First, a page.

Cultivate collective ingenuity


A new form of leadership is emerging that cultivates collective ingenuity at any scale (self, family, neighbourhood, organization, city, nation, humanity) by  creating social habitats in which we figure out how to serve ourselves well, so we can serve our cities well. When we serve our cities well, they serve us well in return: a mobuis relationship.

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The creation of social habitats that allow citizens and cities to thrive is critical prototype work today that requires people to step into leadership roles to create new kinds of enabling places and spaces that “help people co-sense, co-develop, and co-create their entrepreneurial capacities by serving the real needs in their communities (Scharmer and Kaufer, Leading from the Emerging Future, p. 87).”

The leadership is about people initiating the creation of these places and spaces, but also the co-leadership of people to co-initiate, to jump in on the learning journey. This isn’t leadership work for one leader out front, but for that one leader and all the other leaders who choose to join in. The work to create social habitats that allow us to expand our awareness and consciousness belongs to all of us. It requires all of us to be subject not to change, but to changing.

With my colleagues in the Art of Hosting community (in Edmonton Nov 12-15, 2013), we shift how we meet with each other to create the conditions to co-sense, co-develop and co-create social habitats for changing, social habitats that cultivate collective ingenuity as we have never experienced before.

Here is why this work is important:

Depending on the state of consciousness of a social field or the quality of people’s awareness, social systems enact completely different structures and behaviours. Just like water in the physical system, the makeup of people in a social systems stays the same under a given set of conditions. The difference between natural laws and the social field is that the actors in social systems are able to initiate change. In other words, they are sitting in the water while the temperature changes – and they potentially can get their hands on the temperature control. When their field state of awareness or conversation changes, the actors relate to one another in different ways, and end up creating very different results (Scharmer and Kaufer, p. 69).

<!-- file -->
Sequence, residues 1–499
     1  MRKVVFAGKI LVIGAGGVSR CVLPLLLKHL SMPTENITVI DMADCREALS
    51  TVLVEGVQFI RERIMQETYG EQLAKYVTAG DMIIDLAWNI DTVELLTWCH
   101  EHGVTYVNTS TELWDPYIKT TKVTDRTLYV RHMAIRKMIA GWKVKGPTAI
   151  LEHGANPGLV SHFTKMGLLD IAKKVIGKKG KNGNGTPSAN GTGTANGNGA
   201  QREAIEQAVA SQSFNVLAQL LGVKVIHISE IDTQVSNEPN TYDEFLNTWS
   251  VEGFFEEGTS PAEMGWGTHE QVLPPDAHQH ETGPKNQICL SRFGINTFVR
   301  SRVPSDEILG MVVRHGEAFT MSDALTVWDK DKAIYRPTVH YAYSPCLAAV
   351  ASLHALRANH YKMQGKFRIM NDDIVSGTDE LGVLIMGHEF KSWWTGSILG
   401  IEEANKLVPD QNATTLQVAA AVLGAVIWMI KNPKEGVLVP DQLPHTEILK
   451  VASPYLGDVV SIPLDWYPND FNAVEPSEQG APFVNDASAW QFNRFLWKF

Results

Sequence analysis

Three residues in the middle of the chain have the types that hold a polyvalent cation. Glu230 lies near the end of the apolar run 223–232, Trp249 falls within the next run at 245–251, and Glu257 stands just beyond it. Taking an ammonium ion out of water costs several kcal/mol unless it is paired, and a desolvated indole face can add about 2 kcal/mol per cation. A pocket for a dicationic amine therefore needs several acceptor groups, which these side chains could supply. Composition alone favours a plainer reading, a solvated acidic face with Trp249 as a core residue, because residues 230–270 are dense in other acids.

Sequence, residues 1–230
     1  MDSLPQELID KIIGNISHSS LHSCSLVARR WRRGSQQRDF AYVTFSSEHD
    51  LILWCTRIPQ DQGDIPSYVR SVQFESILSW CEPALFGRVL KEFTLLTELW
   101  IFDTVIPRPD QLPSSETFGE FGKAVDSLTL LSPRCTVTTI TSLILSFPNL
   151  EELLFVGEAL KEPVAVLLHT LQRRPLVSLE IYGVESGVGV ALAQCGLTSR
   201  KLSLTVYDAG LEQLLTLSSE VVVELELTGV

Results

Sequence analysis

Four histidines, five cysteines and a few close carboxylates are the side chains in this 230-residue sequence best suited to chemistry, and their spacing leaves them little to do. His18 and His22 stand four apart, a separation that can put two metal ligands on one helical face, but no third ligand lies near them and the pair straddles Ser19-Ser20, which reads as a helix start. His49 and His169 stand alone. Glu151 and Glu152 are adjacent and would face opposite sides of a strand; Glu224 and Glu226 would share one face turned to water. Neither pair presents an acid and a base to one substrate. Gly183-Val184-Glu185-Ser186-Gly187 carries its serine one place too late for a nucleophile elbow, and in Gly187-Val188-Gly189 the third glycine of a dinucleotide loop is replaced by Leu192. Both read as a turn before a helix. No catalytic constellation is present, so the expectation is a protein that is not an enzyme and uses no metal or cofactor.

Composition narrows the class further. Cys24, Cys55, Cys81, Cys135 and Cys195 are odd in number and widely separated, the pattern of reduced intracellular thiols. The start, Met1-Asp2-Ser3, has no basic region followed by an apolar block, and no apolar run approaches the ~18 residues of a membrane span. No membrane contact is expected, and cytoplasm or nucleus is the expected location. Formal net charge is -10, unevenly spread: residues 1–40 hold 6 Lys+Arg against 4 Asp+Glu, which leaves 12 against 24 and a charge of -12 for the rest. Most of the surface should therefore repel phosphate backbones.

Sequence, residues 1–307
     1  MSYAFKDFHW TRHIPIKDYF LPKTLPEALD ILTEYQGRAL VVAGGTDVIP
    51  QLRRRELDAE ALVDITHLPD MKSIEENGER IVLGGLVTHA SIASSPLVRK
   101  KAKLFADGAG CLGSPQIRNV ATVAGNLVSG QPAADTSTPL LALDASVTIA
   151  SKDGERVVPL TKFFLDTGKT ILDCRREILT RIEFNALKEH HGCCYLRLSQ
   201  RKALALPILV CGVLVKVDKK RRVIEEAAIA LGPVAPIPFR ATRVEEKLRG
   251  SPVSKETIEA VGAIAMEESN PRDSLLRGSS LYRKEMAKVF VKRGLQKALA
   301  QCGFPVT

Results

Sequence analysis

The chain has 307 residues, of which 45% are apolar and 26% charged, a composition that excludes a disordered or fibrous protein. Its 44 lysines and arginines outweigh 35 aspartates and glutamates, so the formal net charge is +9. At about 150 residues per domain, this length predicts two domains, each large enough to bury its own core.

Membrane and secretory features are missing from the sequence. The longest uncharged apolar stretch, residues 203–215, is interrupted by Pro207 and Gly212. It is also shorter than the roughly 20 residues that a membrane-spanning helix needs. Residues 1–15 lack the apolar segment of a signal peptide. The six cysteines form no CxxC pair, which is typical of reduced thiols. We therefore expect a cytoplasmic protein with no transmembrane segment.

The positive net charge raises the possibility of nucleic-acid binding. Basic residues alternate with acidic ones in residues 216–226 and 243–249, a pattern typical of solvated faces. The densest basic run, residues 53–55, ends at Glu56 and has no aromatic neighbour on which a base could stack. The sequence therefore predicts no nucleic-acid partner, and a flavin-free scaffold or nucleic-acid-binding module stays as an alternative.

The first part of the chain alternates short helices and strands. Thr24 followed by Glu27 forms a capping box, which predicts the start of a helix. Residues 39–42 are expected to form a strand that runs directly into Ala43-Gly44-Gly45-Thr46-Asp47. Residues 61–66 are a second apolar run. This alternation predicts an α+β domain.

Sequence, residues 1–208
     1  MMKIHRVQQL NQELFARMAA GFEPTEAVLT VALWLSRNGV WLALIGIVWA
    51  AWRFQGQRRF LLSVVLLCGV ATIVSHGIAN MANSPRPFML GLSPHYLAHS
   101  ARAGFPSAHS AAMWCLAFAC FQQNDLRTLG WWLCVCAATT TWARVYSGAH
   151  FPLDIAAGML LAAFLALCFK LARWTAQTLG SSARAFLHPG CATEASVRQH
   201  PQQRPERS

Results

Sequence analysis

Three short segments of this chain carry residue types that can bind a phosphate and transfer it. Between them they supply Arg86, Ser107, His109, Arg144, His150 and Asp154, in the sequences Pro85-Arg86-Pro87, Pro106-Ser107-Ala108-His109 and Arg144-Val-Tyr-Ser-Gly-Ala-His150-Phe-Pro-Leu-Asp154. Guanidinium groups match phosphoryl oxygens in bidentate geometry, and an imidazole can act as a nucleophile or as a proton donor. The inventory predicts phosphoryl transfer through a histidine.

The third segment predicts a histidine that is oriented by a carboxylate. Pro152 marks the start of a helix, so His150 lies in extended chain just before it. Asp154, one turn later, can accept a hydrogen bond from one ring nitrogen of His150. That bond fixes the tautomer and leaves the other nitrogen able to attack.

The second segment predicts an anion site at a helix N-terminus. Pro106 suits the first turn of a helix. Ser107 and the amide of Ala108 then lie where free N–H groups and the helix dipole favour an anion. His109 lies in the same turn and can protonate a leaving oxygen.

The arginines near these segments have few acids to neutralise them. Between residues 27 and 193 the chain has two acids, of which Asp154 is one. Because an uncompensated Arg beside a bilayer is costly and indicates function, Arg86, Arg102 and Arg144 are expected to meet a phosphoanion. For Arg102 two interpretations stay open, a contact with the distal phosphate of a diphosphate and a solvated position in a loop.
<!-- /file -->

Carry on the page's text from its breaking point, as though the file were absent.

Humanity is learning how to consciously notice the temperature changes and how to put our hands on the control. We are learning how to create social habitats in which this can be done as an effective collective – no easy task.

The emerging social habitat is more easily felt, than articulated. We can sense its direction now, but not its destination. It is full of diverse knowledge and opinions. It is full of positions that are cross-purposes. It is full of conflict and uncertainty. It is also full of intention to integrate this massive diversity in an effort to fully see what we collectively know. It is a form of flat, distributed leadership that co-exists with hierarchy when needed. It seeks to meet the needs of many, and trusts that the work we each do is meaningful.

That is what I sense.

What is the emerging social habitat you sense?


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If the notion of social habitat intrigues you, you might be interested in The Art of Hosting BIG Decisions – While Looking After Self, Other and Place, November 12-15, 2013 in Edmonton.

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While working on my book, Nest City: The Human Drive to Thrive in Cities, I am sharing some of my thoughts along the way. Here are some plot helpers to help you navigate the posts:

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